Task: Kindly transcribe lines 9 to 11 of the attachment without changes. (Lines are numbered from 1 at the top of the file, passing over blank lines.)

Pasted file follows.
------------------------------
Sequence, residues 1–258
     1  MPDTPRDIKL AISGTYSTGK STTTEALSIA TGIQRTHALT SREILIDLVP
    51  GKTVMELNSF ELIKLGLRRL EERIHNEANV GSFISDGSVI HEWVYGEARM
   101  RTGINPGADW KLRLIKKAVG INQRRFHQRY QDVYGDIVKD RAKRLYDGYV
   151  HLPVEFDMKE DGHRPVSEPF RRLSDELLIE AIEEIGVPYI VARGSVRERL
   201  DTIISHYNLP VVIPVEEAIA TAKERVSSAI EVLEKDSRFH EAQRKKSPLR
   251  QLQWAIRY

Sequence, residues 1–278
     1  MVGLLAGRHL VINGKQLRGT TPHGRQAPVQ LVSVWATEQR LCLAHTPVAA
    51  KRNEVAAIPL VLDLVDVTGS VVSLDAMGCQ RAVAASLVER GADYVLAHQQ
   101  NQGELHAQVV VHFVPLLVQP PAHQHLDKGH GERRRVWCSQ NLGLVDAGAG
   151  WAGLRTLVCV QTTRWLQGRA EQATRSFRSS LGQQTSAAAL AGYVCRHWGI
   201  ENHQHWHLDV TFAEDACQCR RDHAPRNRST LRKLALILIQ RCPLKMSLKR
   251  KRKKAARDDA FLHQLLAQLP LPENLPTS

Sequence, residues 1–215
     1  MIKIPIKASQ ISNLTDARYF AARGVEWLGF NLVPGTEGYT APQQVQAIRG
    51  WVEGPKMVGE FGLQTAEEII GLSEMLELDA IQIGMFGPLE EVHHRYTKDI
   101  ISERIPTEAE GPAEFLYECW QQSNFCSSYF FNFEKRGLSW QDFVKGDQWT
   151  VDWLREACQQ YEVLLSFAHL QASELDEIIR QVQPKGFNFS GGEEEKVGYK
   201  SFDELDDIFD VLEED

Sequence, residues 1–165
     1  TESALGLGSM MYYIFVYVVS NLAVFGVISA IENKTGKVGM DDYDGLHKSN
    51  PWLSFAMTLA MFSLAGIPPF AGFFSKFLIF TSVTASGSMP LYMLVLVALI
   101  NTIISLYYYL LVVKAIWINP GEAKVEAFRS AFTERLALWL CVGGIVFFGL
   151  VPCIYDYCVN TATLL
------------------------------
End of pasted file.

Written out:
     1  MVGLLAGRHL VINGKQLRGT TPHGRQAPVQ LVSVWATEQR LCLAHTPVAA
    51  KRNEVAAIPL VLDLVDVTGS VVSLDAMGCQ RAVAASLVER GADYVLAHQQ
   101  NQGELHAQVV VHFVPLLVQP PAHQHLDKGH GERRRVWCSQ NLGLVDAGAG